Still, other issues arise in the context of IVF. I am one of many who are concerned that it frequently moves too quickly past other or underlying problems that might be causing infertility. Perhaps some less invasive or less expensive procedure might address such a diagnosis. As but one example, a 2017 study published in the New England Journal of Medicine found that what is colloquially known as “flushing” fallopian tubes led to a significant (28.1% to 38.8%) increase in pregnancies and live births among the studied groups. A great deal of research and assistance is available to those who are willing to explore alternatives to IVF.

IVF is prohibitively expensive for many people dealing with infertility. One round of IVF costs anywhere from $15,000 to $30,000, and because low success rates are inherent in the technique, many couples go through multiple rounds of IVF. This expense is a strong incentive for couples to try to get the most out of one round of IVF, so many people opt to create “excess” embryos that are kept in cold storage in suspended animation. This raises questions regarding wisdom and the stewardship of our finances. Is it virtuous to spend this amount of money in this way for a technique with success rates that are, at their very best, about 50% and decline rapidly with age? 

The risks associated with IVF are inherently imbalanced toward women. Ovarian stimulation and egg retrieval procedures have been explored in depth in work done on the issue of egg donation.

Issues also arise in the common practice of embryo grading, which attempts to predict which embryos have the best chance of implanting and being carried to term. Further, preimplantation genetic diagnosis (PGD) to select the sex of a child is offered at nearly three-quarters of IVF clinics. Sex selection and other uses of PGD to screen for the best or, bluntly, the wanted embryos fail to view children as gifts to be received exactly as they are. If we believe that human embryos are deserving of respect and care as human beings, and we pro-life Evangelicals certainly do, then grading and PGD practices are directly at odds with Christian imperatives of fairness, equality, and justice.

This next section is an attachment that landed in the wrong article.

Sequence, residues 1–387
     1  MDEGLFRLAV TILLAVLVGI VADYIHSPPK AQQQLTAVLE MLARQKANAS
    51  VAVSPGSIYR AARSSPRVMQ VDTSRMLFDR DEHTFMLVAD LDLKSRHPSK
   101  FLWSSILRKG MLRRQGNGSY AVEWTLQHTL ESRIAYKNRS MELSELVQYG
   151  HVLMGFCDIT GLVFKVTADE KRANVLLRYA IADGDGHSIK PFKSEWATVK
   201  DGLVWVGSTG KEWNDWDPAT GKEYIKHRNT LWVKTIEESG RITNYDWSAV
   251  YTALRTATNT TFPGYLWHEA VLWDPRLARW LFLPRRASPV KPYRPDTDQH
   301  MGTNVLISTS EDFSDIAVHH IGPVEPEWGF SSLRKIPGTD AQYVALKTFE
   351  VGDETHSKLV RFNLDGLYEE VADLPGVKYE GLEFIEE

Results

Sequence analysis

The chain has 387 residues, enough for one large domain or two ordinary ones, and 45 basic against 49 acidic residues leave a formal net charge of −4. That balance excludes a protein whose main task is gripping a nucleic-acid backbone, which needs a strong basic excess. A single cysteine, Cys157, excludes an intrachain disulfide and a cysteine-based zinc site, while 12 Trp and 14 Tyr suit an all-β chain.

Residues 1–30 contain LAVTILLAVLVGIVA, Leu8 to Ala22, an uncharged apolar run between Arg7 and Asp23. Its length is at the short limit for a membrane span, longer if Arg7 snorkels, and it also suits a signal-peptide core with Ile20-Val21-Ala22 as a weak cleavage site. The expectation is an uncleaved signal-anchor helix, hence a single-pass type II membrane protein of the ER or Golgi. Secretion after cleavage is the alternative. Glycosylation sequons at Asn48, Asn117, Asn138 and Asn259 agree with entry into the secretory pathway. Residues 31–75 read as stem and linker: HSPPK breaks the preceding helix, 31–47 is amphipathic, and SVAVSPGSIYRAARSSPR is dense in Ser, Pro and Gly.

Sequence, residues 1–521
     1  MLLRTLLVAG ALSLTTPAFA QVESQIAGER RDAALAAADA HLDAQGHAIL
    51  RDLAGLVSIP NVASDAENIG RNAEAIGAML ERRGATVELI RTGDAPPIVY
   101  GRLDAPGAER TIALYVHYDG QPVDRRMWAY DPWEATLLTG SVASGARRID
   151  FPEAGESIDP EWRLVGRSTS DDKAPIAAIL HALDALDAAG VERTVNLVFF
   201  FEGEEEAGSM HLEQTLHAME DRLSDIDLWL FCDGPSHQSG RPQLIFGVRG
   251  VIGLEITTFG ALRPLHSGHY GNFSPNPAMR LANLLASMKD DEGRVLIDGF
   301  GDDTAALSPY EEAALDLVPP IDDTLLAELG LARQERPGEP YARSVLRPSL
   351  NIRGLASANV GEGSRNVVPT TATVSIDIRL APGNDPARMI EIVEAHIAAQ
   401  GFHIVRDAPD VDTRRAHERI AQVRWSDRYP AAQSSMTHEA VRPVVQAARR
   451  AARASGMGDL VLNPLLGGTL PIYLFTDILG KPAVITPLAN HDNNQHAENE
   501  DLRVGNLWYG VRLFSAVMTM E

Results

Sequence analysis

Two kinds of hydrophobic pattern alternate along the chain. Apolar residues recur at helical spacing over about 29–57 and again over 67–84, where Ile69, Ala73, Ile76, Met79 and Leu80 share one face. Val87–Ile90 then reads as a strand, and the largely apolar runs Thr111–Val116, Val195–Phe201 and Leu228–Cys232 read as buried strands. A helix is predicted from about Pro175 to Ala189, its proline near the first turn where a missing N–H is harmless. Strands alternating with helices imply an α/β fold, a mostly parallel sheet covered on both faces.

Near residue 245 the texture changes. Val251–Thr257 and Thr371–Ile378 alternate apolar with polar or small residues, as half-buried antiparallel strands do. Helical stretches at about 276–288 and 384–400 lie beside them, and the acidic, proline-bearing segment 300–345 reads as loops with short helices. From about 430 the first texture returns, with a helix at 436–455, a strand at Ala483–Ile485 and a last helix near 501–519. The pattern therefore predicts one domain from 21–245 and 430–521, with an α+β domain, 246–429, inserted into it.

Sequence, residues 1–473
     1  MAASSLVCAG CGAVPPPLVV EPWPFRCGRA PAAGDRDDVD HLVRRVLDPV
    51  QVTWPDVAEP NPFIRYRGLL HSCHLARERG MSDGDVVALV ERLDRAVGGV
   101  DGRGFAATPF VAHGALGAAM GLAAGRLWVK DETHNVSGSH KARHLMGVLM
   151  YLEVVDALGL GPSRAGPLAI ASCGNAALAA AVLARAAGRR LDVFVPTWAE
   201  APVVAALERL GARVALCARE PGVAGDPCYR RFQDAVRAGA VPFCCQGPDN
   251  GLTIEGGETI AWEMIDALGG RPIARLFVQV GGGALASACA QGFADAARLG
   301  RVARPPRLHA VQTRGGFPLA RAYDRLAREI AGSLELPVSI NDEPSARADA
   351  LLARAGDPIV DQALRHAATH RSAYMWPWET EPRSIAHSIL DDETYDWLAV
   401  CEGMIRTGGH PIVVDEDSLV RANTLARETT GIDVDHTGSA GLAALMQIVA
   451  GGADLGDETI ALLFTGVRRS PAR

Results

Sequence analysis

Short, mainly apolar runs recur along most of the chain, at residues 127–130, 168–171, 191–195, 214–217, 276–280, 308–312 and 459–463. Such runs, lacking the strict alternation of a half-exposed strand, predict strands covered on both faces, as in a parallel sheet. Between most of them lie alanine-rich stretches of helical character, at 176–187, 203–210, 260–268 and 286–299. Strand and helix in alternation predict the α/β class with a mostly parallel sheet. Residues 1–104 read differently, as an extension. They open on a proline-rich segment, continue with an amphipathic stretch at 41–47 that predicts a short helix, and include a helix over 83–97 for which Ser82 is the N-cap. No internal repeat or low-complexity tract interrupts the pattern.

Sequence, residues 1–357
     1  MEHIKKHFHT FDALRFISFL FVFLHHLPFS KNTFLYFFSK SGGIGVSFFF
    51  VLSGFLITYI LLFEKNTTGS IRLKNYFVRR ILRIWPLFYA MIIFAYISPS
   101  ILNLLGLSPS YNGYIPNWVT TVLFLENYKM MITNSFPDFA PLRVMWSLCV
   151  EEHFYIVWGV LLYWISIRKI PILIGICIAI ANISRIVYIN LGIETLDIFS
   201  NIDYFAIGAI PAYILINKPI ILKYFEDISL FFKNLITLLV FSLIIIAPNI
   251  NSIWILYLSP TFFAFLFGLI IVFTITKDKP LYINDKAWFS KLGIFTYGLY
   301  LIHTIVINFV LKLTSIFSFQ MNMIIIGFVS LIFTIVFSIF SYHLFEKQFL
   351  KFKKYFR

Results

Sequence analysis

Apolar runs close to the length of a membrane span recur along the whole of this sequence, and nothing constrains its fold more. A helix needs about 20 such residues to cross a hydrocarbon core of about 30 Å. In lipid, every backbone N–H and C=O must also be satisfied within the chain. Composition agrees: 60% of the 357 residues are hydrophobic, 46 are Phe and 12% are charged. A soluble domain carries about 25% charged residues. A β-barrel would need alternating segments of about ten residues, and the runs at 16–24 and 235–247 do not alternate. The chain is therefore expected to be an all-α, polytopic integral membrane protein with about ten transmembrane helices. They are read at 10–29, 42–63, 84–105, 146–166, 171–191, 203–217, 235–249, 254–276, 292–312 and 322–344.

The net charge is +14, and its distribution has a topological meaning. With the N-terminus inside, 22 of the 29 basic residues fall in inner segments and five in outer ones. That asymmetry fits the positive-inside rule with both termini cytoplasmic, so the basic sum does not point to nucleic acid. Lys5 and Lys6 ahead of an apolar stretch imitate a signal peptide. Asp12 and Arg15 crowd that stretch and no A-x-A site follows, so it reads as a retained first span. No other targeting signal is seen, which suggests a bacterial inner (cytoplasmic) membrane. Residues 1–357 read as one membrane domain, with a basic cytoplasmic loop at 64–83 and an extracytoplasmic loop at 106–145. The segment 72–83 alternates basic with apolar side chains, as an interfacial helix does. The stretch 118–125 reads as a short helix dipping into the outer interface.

Ultimately, though, I maintain my earliest intuitive conviction: it matters how new human life comes into existence, not in regard to the moral value of the person produced from the circumstances, for all human beings are of equal moral worth. But it does matter what we, as a society and specifically those of us who are Christians, condone. This is an aspect of our embodiment, an area of thought arguably underdeveloped in Evangelicalism, although efforts have been made to address that. When I consider our embodiment, I mean not only the one-flesh nature of the marriage relationship but also the fact that we all began as embryos. That is the first stage of embodiment.

You and I were never a sperm or an egg, but we were all embryos. We can draw a straight line of development from that embryo to who we are now. At each stage, from embryo to birth to childhood to adulthood, we require the proper environment and adequate nutrition to flourish. And yet, when it comes to IVF, “93% of all embryos created ... are never used to generate a pregnancy.”

I realize that not all of my pro-life Evangelical kin will agree with me on this. But I want, at the very least, to ask them to think more deeply about the larger issues with IVF and, even more, the larger picture of what it means to be embodied creatures.

Matthew Eppinette, MBA, PhD, is Executive Director of The Center for Bioethics & Human Dignity (CBHD) and Affiliate Professor of Bioethics at Trinity Evangelical Divinity School. Dr. Eppinette has more than two decades of experience in the field of bioethics. He and his wife live in suburban Chicago.